Beyond Therapeutic Culture in Latin America Hybrid Networks in Argentina and Brazil
By focusing on quantitative and qualitative research in Rio de Janeiro and Buenos Aires, this book expands on the notion of "therapeutic culture."
Usually considered a global phenomenon disseminated from North to South, and associated to "modern" forms of "psychologized" subjectivity, "therapeutic culture" has become a key notion to understanding contemporary culture. However, this path-breaking research, grounded in a bottom-up perspective that follows specific therapeutic narratives, shows that the concept of the "therapeutic" should be extended to encompass a diversity of practices, both "secular" and "religious," "modern" and "traditional," that are deemed as therapeutic by the actors involved, although they are overlooked as such by most of the current literature. Pentecostal and Afro-Brazilian religions as well as New Age practices coexist and interact with "conventional" therapeutic techniques such as Psychoanalysis, conforming complex and hybrid therapeutic networks associated to different (also hybrid) forms of subjectivity. Although the book draws upon two cases from the "Global South," its theoretical conclusions are applicable to the analysis of the realm of the therapeutic at large.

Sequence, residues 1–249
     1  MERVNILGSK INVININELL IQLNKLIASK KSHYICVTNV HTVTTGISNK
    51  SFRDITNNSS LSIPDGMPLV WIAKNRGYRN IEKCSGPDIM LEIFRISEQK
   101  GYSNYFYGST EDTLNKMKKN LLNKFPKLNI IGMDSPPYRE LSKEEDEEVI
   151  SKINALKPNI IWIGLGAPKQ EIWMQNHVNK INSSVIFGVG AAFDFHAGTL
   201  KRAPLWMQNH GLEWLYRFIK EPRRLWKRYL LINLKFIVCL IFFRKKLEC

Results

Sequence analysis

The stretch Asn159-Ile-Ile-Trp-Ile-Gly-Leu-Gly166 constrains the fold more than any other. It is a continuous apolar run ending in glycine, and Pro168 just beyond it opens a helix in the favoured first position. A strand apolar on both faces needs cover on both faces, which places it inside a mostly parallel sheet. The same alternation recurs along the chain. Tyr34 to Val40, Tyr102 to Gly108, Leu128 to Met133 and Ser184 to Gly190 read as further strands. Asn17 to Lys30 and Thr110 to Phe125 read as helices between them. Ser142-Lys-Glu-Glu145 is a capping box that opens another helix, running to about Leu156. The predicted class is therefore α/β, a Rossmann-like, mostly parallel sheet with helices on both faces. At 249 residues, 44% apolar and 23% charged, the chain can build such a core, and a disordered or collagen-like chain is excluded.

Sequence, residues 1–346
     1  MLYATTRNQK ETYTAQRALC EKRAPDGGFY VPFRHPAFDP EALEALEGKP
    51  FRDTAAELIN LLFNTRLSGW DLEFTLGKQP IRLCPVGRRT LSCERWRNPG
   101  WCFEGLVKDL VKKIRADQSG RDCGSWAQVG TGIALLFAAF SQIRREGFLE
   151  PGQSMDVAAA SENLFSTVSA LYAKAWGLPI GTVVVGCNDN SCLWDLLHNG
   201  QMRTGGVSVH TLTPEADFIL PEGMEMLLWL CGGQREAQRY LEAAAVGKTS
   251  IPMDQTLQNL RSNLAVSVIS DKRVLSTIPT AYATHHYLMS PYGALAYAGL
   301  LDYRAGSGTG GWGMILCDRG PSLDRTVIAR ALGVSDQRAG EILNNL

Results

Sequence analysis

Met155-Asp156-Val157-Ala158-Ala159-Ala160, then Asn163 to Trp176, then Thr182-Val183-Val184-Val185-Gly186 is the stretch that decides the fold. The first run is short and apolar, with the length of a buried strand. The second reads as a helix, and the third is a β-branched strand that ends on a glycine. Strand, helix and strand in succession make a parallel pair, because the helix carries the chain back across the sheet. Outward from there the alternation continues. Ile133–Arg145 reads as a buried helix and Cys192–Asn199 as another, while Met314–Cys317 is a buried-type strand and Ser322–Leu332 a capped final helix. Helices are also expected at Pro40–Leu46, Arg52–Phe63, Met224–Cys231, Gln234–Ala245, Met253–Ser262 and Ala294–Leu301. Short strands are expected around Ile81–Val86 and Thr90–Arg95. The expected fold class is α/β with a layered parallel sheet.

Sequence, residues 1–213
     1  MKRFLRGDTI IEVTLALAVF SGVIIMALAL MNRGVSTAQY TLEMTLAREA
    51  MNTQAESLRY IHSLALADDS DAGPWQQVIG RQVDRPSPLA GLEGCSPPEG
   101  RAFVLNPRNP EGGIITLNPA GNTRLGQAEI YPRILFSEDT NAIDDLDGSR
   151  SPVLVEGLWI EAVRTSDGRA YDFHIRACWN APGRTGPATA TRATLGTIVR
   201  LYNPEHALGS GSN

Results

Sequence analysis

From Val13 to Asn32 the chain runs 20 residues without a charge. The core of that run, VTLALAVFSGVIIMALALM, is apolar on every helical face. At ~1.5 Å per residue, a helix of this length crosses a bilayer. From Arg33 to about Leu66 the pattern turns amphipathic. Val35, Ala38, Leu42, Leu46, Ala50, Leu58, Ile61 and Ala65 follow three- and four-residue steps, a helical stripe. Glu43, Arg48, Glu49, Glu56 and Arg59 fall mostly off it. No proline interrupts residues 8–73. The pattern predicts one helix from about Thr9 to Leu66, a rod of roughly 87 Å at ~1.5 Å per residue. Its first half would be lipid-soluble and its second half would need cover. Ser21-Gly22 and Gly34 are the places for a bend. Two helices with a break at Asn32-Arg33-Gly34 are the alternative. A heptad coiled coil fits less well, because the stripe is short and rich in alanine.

The book is aimed at university students (both graduate and undergraduate) and at the general public interested in the notion of the therapeutic and, specifically, in Latin American culture.
Introduction: From therapeutic culture to therapeutic networks
1 The theoretical framework: Therapeutic networks as assemblages
2 The supply side of therapeutic networks: Mobilizing thick and thin actants for wellbeing
3 On the demand side: Searching wellbeing through interaction with thin actants
4 Actants and their complexity: Between thinning thick actants and thickening thin actants
5 Parallel paths toward the autonomization of the self: Between religion and self-help
6 Complex forms of mediation: Ontological brokers, translators, and bridges
Conclusions: Toward a new theorization of the therapeutic